So what does that look like? A recent example happened to me just minutes ago as I was typing these words. The baby, who had been sleeping, began to fuss. My initial reaction was to feel resentment toward fussy baby for interrupting my typing. Because instead of sitting comfortably on the couch typing about embracing the ordinary, I actually had to go live it out by calming a crying infant and putting him back to sleep, which could have taken who KNOWS how long. But I stopped my eyes from rolling and immediately put that feeling of resentment on hold, went to him, and pulled him in close to my chest. Nuzzling the top of his warm, fuzzy head I began to breathe in his sweet baby scent. And as I settled into  the quiet, ordinary moment of lulling him to sleep once more, I felt a deep sense of wonder at the gift I had been given in caring for this tiny, fragile human, and my heart was filled with the sweetest joy. I was able to experience a holy moment of genuine gratitude because this time I had chosen to love what must be done. I recognized purpose instead of a task- loving my child, not quieting an interruption.

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The Summer Day

Who made the world?

Who made the swan, and the black bear?

Who made the grasshopper?

This grasshopper, I mean-

the one who has flung herself out of the grass,

the one who is eating sugar out of my hand,

who is moving her jaws back and forth instead of up and down-

who is gazing around with her enormous and complicated eyes.

Now she lifts her pale forearms and thoroughly washes her face.

Now she snaps her wings open, and floats away.

I don’t know exactly what a prayer is.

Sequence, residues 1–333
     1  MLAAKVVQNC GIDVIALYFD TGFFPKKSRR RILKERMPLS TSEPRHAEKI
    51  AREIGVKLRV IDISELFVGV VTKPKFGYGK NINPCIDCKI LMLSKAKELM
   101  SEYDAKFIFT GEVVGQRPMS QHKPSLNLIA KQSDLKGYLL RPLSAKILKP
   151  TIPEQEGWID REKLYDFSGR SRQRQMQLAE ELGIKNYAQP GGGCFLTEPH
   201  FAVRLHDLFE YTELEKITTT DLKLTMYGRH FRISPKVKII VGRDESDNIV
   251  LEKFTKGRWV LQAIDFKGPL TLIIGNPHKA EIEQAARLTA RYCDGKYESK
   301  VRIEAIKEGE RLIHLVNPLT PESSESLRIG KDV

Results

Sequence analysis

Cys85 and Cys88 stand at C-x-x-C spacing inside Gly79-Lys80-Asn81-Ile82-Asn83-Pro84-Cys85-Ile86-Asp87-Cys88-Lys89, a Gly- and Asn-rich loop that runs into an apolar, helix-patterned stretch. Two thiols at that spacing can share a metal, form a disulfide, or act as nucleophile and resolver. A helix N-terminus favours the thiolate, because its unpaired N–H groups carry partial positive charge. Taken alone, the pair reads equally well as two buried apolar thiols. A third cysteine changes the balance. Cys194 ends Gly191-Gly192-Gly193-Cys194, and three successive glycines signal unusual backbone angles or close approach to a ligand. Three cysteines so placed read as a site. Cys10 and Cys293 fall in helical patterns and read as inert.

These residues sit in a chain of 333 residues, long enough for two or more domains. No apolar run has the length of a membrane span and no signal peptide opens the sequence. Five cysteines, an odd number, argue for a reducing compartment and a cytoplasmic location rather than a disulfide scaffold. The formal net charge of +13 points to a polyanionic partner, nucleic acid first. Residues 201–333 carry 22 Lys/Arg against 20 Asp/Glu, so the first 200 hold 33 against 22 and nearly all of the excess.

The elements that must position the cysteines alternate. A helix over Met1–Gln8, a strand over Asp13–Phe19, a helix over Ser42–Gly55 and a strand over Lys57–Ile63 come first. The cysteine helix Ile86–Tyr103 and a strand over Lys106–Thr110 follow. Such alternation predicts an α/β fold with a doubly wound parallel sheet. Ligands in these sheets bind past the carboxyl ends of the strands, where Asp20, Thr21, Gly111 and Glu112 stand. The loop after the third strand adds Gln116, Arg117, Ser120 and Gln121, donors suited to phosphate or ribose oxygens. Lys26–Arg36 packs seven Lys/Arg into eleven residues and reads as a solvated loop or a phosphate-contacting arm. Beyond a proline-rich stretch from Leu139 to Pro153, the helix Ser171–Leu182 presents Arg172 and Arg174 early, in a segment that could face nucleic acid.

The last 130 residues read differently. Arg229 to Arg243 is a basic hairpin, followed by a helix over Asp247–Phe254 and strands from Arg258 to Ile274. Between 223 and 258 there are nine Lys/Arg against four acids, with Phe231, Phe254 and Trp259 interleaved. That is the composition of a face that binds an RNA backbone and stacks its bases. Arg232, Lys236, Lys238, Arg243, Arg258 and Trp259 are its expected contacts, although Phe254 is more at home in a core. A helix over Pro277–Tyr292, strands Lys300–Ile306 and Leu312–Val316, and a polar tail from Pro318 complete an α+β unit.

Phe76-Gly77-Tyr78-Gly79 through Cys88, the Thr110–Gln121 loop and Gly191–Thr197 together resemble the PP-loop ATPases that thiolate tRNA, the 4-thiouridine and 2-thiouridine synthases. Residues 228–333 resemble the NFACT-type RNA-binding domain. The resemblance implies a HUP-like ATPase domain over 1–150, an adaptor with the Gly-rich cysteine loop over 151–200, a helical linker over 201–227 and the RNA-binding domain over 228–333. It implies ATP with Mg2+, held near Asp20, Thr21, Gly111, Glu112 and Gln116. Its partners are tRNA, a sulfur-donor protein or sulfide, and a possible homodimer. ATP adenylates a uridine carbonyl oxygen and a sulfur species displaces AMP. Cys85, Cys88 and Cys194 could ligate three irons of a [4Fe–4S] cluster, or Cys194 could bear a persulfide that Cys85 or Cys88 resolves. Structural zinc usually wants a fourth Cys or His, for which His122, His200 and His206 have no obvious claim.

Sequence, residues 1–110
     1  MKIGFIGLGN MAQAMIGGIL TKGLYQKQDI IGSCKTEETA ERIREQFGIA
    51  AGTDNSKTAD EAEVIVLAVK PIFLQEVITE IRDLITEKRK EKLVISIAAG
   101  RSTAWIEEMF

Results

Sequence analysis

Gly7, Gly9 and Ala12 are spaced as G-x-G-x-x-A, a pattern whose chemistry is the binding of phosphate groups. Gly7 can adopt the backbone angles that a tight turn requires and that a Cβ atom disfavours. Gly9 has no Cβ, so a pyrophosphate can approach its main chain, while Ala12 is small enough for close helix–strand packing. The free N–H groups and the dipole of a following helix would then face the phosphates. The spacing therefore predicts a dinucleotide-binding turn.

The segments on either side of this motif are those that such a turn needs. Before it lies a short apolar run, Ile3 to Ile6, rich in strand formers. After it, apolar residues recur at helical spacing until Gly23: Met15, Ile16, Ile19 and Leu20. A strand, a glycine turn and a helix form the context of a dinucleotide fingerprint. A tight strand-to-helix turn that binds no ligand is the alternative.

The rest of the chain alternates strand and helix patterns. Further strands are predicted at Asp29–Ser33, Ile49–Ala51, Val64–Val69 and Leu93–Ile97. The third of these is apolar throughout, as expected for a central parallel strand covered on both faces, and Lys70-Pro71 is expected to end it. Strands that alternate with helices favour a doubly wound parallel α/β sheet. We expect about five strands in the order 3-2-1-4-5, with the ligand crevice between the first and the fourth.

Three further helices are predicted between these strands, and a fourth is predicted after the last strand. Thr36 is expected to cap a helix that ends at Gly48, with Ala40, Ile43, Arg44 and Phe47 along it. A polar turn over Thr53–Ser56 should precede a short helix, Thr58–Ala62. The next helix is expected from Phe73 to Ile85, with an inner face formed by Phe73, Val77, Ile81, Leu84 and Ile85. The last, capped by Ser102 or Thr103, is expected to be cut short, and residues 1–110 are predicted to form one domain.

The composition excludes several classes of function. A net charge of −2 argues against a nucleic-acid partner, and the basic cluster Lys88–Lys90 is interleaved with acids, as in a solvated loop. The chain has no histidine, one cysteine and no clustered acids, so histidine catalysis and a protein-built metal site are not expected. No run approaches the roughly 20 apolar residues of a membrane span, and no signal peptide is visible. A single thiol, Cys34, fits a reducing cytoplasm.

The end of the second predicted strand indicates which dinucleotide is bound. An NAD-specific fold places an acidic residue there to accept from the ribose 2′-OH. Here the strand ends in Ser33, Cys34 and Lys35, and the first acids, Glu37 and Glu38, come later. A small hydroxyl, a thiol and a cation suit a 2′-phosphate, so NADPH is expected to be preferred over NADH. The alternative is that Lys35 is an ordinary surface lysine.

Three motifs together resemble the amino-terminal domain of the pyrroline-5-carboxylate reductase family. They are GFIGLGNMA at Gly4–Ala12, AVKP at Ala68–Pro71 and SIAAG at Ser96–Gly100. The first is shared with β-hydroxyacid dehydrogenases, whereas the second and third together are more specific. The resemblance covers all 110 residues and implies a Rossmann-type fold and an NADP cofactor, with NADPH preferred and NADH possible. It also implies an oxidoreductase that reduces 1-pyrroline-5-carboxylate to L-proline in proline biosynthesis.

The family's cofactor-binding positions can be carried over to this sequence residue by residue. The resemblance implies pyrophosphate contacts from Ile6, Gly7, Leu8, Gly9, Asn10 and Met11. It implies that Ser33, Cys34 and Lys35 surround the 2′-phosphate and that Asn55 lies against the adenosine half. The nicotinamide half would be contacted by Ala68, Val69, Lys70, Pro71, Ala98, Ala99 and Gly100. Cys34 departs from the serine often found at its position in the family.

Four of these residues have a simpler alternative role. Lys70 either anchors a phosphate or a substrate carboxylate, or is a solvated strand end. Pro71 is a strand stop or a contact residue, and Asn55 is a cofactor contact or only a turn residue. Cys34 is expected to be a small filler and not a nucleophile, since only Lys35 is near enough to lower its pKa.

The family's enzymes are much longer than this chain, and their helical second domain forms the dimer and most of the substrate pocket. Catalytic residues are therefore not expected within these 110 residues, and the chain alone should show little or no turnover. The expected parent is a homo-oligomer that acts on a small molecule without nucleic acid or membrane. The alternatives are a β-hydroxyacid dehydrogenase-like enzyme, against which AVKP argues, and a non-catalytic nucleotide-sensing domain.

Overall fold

I do know how to pay attention, how to fall down

into the grass, how to kneel down in the grass,

how to be idle and blessed, how to stroll through the fields,

which is what I have been doing all day.

Tell me, what else should I have done?

Doesn’t everything die at last, and too soon?

Tell me, what is it you plan to do

with your one wild and precious life?

—Mary Oliver

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Most of us don’t have time or opportunity to spend our days strolling through fields and observing the eating habits of grasshoppers, but I think the reminder for us all in this poem is to pay attention. Pay attention to the details, the minutiae, the bit parts in our daily story that reveal pieces of God and His mysterious, limitless grace. When we busy ourselves with the goal of discovering grace and beauty in the ordinary things, there is no longer space or time to accept the ordinary as anything less than extraordinary. God’s faithfulness and redemptive, shaping work in our lives- among our chores, responsibilities, obligations, reactions, interactions, and attitudes- is nothing short of miraculous. Every single day we are living out a miracle orchestrated by the hand of God. If we were to see the whole story from start to finish, the gradual influence of the everyday moments would become crystal clear and we would be awestruck by the confluence of these millions of tiny moments shaping within us something so grand.

So then:

This is the day that the Lord has made; let us rejoice and be glad in it.” (Psalm 118L24, NIV)

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A final word from artist and author Ruth Chou Simmons:

“When we believe the Giver of every ordinary moment in our every day is the faithful God who is trustworthy for each next step we take in our daily lives, we have reason to rejoice in the gift of another day. “Let us rejoice and be glad in it” isn’t a grit-your-teeth-and-obey imperative; it is a response to the preceding truth that this is the day the Lord has made. The Lord is the author of this day you and I get to live. We become joyful and glad about this day- today- as we take our eyes off of what we must do and behold the One who created us to do it in the first place.”  (excerpt from Beholding and Becoming: The Art of Everyday Worship)

Peace & Love, Amy